George Gershwin was a friend of his. In the photograph taken on Ravel's birthday in 1928 while on an American tour, that's Gershwin on the far right, close to the vase of flowers. That's Ravel, with his ever-present cigarette, sitting at the piano.

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The most captivating part of jazz is its rich and diverting rhythm. ...Jazz is a very rich and vital source of inspiration for modern composers and I am astonished that so few Americans are influenced by it.
M. Ravel
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Keep in mind Gershwin's "Rhapsody in Blue," intended as a cross-over between Jazz and Classical, was performed in 1924, only four years before Ravel's American tour and only five years before Ravel began work on this concerto. Perhaps because of his eclecticism, soaking up Spanish, Asian as well as 18th Century influences, Ravel was less concerned about "crossing-over" than many Americans at the time, where there was a distinct cultural separation between what was popular and was considered "culture."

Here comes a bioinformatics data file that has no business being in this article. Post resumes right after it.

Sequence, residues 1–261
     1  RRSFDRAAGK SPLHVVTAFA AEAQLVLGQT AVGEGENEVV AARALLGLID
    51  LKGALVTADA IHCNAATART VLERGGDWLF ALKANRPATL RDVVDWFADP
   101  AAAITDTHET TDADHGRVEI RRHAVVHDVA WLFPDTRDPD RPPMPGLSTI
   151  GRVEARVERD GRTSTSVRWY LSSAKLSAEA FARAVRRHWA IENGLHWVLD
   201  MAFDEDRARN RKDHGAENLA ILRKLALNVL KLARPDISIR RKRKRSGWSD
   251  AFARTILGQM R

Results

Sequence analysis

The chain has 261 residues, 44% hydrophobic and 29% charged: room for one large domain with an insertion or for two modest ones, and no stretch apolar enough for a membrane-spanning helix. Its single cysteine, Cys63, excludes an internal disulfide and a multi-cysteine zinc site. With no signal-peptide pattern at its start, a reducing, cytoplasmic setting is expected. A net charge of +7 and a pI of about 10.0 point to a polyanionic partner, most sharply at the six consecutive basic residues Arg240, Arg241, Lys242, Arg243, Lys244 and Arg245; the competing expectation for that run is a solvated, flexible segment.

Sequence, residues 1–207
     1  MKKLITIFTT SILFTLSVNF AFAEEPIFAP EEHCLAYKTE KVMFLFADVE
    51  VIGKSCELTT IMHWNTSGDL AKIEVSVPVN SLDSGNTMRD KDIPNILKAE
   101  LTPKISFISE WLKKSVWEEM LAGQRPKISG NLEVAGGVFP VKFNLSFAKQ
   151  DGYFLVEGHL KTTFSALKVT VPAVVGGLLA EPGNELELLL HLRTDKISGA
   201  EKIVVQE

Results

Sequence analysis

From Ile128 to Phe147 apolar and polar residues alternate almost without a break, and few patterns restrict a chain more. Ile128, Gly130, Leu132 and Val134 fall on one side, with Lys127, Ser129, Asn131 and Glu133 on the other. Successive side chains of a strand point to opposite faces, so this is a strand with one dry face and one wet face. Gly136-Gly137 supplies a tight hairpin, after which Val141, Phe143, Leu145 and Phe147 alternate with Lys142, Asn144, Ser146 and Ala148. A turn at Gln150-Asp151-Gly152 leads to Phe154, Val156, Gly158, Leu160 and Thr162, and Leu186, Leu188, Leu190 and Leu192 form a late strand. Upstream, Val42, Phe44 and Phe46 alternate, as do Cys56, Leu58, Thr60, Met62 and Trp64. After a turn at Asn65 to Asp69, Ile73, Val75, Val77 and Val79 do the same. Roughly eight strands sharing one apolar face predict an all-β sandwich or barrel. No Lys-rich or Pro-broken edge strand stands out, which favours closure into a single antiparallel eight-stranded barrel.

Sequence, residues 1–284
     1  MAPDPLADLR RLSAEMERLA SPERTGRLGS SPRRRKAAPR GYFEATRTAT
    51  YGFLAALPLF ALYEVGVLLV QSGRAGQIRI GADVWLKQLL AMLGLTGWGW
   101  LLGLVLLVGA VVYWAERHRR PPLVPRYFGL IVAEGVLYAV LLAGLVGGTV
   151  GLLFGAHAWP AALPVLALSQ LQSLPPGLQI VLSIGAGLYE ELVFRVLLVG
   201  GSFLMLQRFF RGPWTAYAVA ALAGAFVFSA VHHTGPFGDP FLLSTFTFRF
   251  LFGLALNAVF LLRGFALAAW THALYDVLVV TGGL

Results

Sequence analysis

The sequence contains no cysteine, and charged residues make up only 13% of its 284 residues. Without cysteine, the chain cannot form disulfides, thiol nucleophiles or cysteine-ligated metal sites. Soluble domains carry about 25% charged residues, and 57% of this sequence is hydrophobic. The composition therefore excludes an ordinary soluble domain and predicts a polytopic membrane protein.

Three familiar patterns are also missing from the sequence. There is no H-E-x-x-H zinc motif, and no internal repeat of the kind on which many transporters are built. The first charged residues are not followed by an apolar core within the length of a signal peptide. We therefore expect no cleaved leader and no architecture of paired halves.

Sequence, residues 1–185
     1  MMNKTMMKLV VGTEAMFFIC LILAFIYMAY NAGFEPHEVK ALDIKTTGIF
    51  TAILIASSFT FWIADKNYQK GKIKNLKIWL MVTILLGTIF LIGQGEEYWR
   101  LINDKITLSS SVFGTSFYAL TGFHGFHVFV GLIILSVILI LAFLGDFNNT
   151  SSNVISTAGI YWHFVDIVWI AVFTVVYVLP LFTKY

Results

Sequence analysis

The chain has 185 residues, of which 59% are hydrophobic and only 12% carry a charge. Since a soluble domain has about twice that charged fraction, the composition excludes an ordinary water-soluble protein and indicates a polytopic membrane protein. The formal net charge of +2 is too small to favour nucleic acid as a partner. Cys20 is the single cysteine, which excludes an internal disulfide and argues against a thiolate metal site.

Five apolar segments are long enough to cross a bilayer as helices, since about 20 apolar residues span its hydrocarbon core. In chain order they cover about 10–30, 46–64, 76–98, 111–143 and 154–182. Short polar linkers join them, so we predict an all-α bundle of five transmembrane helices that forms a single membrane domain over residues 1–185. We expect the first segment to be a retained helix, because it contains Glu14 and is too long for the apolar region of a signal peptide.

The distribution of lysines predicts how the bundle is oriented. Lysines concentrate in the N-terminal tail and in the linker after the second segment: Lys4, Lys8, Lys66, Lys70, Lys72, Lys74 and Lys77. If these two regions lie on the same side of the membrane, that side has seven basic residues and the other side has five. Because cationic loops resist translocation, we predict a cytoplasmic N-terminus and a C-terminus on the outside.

Here's Leonard Bernstein playing – and conducting – Ravel's Piano Concerto in G Major. It begins with a whip crack (the opening idea, remember, Ravel said came to him while riding a train) – the slow movement evokes the harmonies and style of Mozart – and the last movement is a Jazz romp (where else would you hear the squeal of a clarinet, the roar of a trombone and a blast from the trumpets but in Jazz? – all in the first thirty seconds of Ravel's finale).

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First Movement

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Second Movement

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Third Movement

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I'll post something about Tchaikovsky's 6th Symphony in a separate post.

- Dick Strawser